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Chemotaxis shapes the microscale organization of the ocean’s microbiome

Abstract

The capacity of planktonic marine microorganisms to actively seek out and exploit microscale chemical hotspots has been widely theorized to affect ocean-basin scale biogeochemistry1,2,3, but has never been examined comprehensively in situ among natural microbial communities. Here, using a field-based microfluidic platform to quantify the behavioural responses of marine bacteria and archaea, we observed significant levels of chemotaxis towards microscale hotspots of phytoplankton-derived dissolved organic matter (DOM) at a coastal field site across multiple deployments, spanning several months. Microscale metagenomics revealed that a wide diversity of marine prokaryotes, spanning 27 bacterial and 2 archaeal phyla, displayed chemotaxis towards microscale patches of DOM derived from ten globally distributed phytoplankton species. The distinct DOM composition of each phytoplankton species attracted phylogenetically and functionally discrete populations of bacteria and archaea, with 54% of chemotactic prokaryotes displaying highly specific responses to the DOM derived from only one or two phytoplankton species. Prokaryotes exhibiting chemotaxis towards phytoplankton-derived compounds were significantly enriched in the capacity to transport and metabolize specific phytoplankton-derived chemicals, and displayed enrichment in functions conducive to symbiotic relationships, including genes involved in the production of siderophores, B vitamins and growth-promoting hormones. Our findings demonstrate that the swimming behaviour of natural prokaryotic assemblages is governed by specific chemical cues, which dictate important biogeochemical transformation processes and the establishment of ecological interactions that structure the base of the marine food web.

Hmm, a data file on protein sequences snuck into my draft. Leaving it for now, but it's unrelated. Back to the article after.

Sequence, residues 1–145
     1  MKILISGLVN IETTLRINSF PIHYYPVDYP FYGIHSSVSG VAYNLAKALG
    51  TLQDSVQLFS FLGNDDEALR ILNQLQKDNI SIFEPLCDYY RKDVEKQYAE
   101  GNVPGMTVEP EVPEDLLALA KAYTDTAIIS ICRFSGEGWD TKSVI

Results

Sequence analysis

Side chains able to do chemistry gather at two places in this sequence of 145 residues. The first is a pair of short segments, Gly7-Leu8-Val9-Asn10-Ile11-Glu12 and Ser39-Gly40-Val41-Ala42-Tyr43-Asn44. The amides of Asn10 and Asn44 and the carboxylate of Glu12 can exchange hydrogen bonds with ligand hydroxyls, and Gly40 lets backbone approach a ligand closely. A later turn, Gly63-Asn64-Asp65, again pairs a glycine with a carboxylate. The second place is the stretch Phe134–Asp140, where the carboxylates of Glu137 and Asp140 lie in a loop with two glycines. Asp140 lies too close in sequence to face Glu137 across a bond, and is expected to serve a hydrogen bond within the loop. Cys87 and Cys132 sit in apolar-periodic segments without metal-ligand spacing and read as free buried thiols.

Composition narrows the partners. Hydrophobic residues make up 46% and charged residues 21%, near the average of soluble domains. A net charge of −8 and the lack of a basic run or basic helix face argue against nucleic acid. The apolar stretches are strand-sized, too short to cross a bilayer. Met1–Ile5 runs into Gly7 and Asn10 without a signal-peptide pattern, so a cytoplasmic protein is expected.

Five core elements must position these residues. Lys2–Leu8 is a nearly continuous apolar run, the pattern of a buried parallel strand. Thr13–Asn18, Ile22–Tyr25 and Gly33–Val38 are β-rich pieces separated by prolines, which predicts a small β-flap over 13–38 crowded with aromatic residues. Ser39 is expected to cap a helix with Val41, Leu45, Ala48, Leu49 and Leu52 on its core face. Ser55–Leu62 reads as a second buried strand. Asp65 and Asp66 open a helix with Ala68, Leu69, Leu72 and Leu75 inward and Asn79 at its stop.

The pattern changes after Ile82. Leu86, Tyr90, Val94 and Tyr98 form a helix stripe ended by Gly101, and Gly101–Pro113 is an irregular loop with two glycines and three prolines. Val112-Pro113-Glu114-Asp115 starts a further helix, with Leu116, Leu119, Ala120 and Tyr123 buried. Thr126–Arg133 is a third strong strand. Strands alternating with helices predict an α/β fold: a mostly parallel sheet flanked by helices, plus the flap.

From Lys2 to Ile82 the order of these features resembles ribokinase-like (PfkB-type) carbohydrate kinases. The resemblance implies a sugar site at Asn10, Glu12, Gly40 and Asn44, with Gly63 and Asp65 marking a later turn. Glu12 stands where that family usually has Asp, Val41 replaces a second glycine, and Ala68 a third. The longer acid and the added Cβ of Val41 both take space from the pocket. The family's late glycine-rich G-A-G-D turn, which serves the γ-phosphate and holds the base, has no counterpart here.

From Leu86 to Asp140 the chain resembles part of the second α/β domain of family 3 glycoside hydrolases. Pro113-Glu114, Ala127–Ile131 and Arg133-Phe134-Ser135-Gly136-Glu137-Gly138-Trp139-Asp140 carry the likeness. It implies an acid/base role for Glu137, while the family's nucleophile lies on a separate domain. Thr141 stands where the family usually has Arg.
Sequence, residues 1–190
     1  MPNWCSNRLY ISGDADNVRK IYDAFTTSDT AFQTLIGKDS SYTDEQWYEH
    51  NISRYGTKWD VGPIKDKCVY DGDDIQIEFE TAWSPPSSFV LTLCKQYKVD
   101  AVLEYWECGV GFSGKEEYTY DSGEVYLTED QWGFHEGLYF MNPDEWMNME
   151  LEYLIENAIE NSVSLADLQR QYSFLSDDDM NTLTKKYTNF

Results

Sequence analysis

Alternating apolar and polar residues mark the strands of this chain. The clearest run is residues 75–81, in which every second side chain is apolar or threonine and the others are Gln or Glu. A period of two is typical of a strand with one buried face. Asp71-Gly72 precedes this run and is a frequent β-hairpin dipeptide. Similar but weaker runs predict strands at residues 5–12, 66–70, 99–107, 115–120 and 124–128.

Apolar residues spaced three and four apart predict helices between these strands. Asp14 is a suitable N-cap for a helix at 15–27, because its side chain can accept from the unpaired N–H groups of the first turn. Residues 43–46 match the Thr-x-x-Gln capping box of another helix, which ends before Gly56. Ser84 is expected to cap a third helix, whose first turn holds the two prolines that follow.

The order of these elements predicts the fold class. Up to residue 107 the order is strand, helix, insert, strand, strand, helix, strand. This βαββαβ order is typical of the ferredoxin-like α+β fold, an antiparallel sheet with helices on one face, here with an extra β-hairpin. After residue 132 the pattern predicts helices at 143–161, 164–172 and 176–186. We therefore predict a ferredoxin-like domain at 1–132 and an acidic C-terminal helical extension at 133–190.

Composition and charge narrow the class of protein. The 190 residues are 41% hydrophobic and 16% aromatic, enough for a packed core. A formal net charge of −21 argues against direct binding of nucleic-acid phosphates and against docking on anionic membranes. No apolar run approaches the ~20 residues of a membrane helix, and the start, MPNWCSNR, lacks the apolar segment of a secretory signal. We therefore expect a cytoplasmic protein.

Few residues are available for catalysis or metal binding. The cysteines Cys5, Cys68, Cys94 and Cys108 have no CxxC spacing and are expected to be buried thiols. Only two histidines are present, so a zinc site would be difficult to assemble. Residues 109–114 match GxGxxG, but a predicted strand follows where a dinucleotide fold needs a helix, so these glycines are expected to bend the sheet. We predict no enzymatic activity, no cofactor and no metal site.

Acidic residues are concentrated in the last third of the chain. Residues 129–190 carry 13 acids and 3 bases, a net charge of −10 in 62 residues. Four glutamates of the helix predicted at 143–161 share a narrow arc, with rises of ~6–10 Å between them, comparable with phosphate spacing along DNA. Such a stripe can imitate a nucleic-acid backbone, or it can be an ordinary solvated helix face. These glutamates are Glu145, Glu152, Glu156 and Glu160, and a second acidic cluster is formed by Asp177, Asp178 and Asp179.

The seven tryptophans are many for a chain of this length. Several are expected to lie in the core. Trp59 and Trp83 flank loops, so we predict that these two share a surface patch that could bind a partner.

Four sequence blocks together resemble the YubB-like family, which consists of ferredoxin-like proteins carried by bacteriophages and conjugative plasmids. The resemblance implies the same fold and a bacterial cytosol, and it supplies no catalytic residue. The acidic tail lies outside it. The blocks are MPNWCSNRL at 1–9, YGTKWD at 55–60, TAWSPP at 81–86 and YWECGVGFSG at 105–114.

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Fig. 1: Use of ISCA to probe for chemotaxis towards phytoplankton-derived DOM in the natural environment.
Fig. 2: ‘Generalist’ and ‘specialist’ prokaryotic taxa responding to phytoplankton–DOM.
Fig. 3: Enrichment of prokaryotic genes involved in phytoplankton–bacteria interactions.
Fig. 4: Specific associations between prokaryotes and phytoplankton-derived metabolites.

Data availability

The raw metabolome data files were deposited in MetaboLights under accession number MTBLS1980. The raw metagenome fastq files were deposited in the Sequence Read Archive (SRA) under accession number PRJNA639602. The raw amplicon fastq files were deposited in the SRA under accession number PRJNA707306. The 16S rRNA gene sequences of the three isolates were deposited in GenBank under accession numbers: MT826233, MT826234 and MZ373175Source data are provided with this paper.

Code availability

All custom analysis scripts are available on GitHub (https://github.com/JB-Raina-codes/ISCA-paper).

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Acknowledgements